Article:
Claim: Hydrogen jobs provide accessible employment for coal miners, pipefitters, and other fossil fuel workers, who can apply their existing skill sets to hydrogen production and distribution or carbon capture retrofits with little new training.

Fact: Again, hydrogen development promises little opportunity for job growth. A more viable employment “on-ramp” for oil, gas, and coal workers facing power plant closures and shrinking employment opportunities is the reclamation of abandoned coal mines and oil and gas wells. Repairing the damage from generations of fossil fuel extraction could create tens of thousands of family-sustaining jobs across Appalachia each year. 


Claim: Existing natural gas pipelines can be readily converted to carrying hydrogen.

Fact: Natural gas pipelines can only be converted to carrying hydrogen (or captured carbon) at immense cost. Natural gas pipelines can only handle low hydrogen blends before imposing safety risks, and such blends max out on reducing GHG emissions by a mere 6 to 7 percent.

Hydrogen is the smallest molecule in the universe, which creates pipeline integrity and leakage challenges throughout the existing U.S. natural gas infrastructure system. Nearly all transmission pipelines are made of high-grade steel and transport gas at high pressures. Under these conditions, hydrogen can exacerbate pipeline cracks and cause embrittlement, increasing leakage and explosion risks above certain case-specific concentrations.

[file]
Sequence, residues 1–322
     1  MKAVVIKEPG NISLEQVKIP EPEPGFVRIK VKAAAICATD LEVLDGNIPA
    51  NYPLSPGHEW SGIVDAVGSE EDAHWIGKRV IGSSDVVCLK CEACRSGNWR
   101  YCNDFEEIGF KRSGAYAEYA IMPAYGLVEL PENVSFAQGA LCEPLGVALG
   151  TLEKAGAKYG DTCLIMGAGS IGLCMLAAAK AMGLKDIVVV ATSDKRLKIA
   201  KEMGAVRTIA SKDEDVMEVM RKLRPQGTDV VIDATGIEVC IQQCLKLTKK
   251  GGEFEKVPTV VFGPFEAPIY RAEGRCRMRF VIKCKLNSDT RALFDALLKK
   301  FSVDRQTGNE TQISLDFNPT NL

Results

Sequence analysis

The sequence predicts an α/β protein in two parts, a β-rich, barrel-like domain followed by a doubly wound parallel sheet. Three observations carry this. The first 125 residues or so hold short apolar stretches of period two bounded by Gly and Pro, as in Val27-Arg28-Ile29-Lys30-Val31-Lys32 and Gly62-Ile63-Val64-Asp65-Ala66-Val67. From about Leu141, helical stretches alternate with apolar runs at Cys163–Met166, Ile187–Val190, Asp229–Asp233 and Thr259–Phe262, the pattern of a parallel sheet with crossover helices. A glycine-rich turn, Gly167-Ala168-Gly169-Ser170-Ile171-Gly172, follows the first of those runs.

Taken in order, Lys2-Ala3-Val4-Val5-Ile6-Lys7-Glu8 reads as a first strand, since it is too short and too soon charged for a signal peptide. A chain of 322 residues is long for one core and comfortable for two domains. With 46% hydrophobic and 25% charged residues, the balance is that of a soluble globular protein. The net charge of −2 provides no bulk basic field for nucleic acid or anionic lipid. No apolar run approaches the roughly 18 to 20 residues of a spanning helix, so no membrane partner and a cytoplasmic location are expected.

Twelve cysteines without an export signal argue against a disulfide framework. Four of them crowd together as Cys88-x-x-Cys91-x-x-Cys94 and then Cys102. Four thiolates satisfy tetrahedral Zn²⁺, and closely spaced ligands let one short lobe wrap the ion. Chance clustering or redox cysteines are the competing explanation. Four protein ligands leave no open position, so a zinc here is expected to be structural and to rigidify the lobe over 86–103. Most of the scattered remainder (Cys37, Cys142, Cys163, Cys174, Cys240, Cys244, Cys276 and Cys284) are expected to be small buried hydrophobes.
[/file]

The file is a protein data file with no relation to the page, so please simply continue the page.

Even the US Department of Energy, which has allocated billions of taxpayer dollars for hydrogen hub development, cites significant limitations on the ability of the current infrastructure to accommodate hydrogen.


Claim: Hydrogen could be a viable and cost-effective means of home heating or light-duty transportation. 

Fact: Even if hydrogen could be pumped into homes using existing natural gas infrastructure, research shows that heating homes with hydrogen is far less efficient and potentially twice as expensive as heating homes with renewable-powered alternatives, like heat pumps, district heating, and solar heating. A peer review of 32 studies of hydrogen found that it was unlikely to play a major role in home heating, either as a full replacement for natural gas heating or as a blend with natural gas.

Electric vehicles are a far superior means of personal transportation relative to cars powered by hydrogen fuel cells, which are expensive, complex, and less efficient at transferring energy and additional investments in clean energy, rather than fossil fuel subsidies like those in HB 1059, can ensure that electric vehicles in Pennsylvania are driven by renewables rather than the current fossil-heavy grid buttressed by dirty, uneconomic gas and coal plants. 

Joanne Kilgour

Joanne Kilgour, Esq. is an environmental lawyer and nonprofit professional with a passion for justice and democracy. Informed by her work with the Center for Coalfield Justice and the Sierra Club Pennsylvania Chapter, Joanne is committed to securing social, economic, and environmental policies that support communities while demanding long-term structural change.